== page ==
The Board of Trade of Metropolitan Montreal is concerned by the lack of subtlety and nuance in the Séguin budget
Montreal, June 12, 2003 - The Board of Trade of Metropolitan Montreal is very concerned with how the budget unveiled today by Quebec's Minister of Finance, Yves Séguin, will impact the Greater Montreal economy, especially at a time when unity, strength and momentum are what the City of Montreal needs to set itself apart on the international stage.
While it understands that the Quebec government needs to refocus its resources on its priority missions such as health and education, the Board of Trade is concerned by the fact that this budget fails to recognize the key role the Montreal region and its businesses both SMEs and large businesses play in Quebec's economic prosperity and vitality, stated Board of Trade president Benoit Labonté.
Quebec's competitiveness hinges on that of the Montreal urban agglomeration, which accounts for 50% of Quebec's GDP ands 70% of its exports. The City's competitiveness is intimately tied to that of all its businesses, from the smallest to the largest. By introducing cuts, that in some cases are draconian, and will be implemented without due regard and without an appropriate transition period, the Board of Trade fears that instead of boosting our competitiveness, the Séguin budget is jeopardizing it. This is the case with, among others, the tax credits aimed at culture and R&D that the government has seen fit to reduce by 12.5% when it is widely known that these credits definitely contribute to Greater Montreal's competitiveness and innovation potential.
The Board of Trade fully agrees with the idea that businesses themselves must stand on their own two feet when it comes to developing entrepreneurship, innovation and productivity in Quebec. Therefore, we would be hard pressed to oppose the government's shift away from heavy state interventionism in the economy. Still, the government must avoid correcting certain excesses by committing others: why seal the fate of a program before analyzing its validity? Insofar as this budget is intended to be a balancing act, to quote the government, we are surprised that, without any consultation, Mr. Séguin was so quick to make such far-reaching cuts. We hope that when it brings down its first real budget in March 2004, the government will this time take into account the value and effectiveness of each government program and the tax spending it has seen fit to challenge, added Benoit Labonté.
In its pre-budget submission presented on behalf of its 7,000 members to the Minister of Finance, the Board of Trade identified two key issues for the city and the provincial economy: business competitiveness and the financing of large cities.
On the first point, the Board of Trade deplores a certain lack of coherence in the decisions made in this budget. On the one hand, by making the capital tax exemption available to 70% of Quebec enterprises, the government is clearly doing something positive for the Quebec economy. On the other, by deferring the planned rate reduction of this same tax for large business, it is making Quebec less attractive for capital investments by these companies, which by definition, are more mobile and more likely to move their operations. Considering that the multinationals and other large businesses are located chiefly in the metropolitan area, this decision directly strikes at Quebec's economic engine and also affects SMEs that provide them with goods and services, underscored Mr. Labonté.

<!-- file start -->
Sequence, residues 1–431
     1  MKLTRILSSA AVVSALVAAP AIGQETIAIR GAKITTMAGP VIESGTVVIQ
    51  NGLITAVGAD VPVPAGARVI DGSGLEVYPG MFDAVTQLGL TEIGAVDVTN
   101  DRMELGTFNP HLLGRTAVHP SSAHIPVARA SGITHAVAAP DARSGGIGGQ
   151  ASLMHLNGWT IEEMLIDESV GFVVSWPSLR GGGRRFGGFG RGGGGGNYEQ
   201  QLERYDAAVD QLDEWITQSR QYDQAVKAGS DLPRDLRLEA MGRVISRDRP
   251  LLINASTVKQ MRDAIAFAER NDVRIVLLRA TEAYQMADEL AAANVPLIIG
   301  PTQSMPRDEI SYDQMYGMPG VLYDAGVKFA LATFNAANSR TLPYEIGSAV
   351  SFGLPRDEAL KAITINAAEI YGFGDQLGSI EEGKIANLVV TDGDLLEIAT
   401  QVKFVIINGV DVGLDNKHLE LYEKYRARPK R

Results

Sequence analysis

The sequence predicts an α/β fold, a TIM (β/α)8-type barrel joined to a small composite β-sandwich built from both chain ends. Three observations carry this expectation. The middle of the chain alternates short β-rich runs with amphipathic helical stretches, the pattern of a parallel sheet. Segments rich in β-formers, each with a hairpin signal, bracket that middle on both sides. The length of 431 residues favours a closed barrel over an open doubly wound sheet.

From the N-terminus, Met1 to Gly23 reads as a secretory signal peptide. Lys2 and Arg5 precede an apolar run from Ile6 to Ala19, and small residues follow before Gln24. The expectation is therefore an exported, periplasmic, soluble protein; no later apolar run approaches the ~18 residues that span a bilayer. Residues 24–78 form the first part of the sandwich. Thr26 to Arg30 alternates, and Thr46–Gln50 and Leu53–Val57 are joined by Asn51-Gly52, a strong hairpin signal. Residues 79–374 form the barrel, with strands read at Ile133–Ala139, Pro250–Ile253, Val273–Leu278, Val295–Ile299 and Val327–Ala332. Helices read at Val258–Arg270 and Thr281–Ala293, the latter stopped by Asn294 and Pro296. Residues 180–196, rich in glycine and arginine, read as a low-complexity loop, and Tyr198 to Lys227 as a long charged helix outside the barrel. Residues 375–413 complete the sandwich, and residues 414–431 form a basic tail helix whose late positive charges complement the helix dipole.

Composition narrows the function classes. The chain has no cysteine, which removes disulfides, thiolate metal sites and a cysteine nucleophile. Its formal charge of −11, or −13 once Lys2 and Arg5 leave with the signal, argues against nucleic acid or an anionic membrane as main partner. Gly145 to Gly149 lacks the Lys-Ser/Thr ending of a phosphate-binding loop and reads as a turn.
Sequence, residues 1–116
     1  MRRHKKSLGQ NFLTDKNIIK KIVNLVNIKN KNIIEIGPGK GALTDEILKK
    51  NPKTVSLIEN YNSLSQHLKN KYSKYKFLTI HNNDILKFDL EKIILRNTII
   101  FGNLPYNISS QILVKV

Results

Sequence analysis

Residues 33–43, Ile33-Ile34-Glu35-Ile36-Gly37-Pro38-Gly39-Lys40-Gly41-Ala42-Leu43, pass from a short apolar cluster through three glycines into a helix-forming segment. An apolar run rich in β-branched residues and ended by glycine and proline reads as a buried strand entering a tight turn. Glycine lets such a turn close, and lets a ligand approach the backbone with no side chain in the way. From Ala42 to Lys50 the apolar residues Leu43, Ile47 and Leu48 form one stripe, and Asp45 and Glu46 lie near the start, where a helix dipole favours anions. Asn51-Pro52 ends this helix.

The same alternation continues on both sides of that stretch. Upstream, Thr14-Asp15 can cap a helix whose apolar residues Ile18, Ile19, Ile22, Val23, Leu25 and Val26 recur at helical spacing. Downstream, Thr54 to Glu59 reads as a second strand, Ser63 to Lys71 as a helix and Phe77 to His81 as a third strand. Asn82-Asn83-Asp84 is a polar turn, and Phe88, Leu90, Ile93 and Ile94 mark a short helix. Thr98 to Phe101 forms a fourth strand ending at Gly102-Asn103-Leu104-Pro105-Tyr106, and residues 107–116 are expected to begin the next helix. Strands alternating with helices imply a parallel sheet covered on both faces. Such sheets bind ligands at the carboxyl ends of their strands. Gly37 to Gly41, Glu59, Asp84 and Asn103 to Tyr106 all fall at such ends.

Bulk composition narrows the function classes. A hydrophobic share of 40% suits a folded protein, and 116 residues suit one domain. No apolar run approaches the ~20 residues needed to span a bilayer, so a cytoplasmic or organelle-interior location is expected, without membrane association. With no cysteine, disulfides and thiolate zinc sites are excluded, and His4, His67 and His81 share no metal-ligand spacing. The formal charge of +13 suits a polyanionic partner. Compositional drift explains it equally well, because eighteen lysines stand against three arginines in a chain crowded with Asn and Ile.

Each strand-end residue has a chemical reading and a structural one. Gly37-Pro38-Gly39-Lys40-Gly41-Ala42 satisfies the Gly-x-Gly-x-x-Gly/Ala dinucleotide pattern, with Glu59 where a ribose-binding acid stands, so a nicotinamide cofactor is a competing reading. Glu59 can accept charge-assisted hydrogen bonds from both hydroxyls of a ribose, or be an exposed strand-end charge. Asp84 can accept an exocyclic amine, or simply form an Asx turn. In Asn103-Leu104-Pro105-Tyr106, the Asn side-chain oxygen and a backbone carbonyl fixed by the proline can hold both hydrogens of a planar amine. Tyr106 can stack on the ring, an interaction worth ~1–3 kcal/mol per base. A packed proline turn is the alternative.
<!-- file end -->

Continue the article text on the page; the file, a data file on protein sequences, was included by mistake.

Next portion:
On the matter of exports, even though the Minister immediately recognizes that the loony's gain will slow down export development, translating into slower growth for the Quebec economy, he neglected to propose concrete measures to support export development and answer the very real needs of Quebec businesses, continued Benoit Labonté.
The Board of Trade believes that the economic vitality of the metropolitan region, and by extension, all of Quebec, depends on a united and strong City of Montreal, equipped with all the economic and fiscal tools required to ensure its development and international visibility, hence the Board of Trade's insistence in its pre-budget submission on the need to boost large city revenues.
By opening the door to abandoning the commitments made in the city contract between the government and the City of Montreal and by not making a commitment to substantially reinvest in the urban infrastructures, the government is weakening this vitality. The only positive sign on the horizon is Minister Séguin's promise to conduct, with the Minister of Municipal Affairs, Sports and Recreation, Jean-Marc Fournier, an in-depth analysis of the financial situation of Quebec's municipalities. Although we have little doubt that this exercise will show that Quebec's large cities are in dire need of new, increased, foreseeable and diversified revenue sources, it will be especially urgent to respond with concrete action. The application of the government's desired agglomeration fiscal policy will only really have meaning if it is accompanied by appropriate revenue sources, insisted the Board of Trade's president.
The Board of Trade of Metropolitan Montreal has nearly 7,000 members. Its mission is to be the leading group representing the interests of the Greater Montreal business community. Its objectives are to maintain, at all times, relevance to its membership, credibility towards the public and influence towards government and decision-makers.
Vice-president, Strategies and communications
Board of Trade of Metropolitan Montreal
Tel.: (514) 871-4000, extension 4010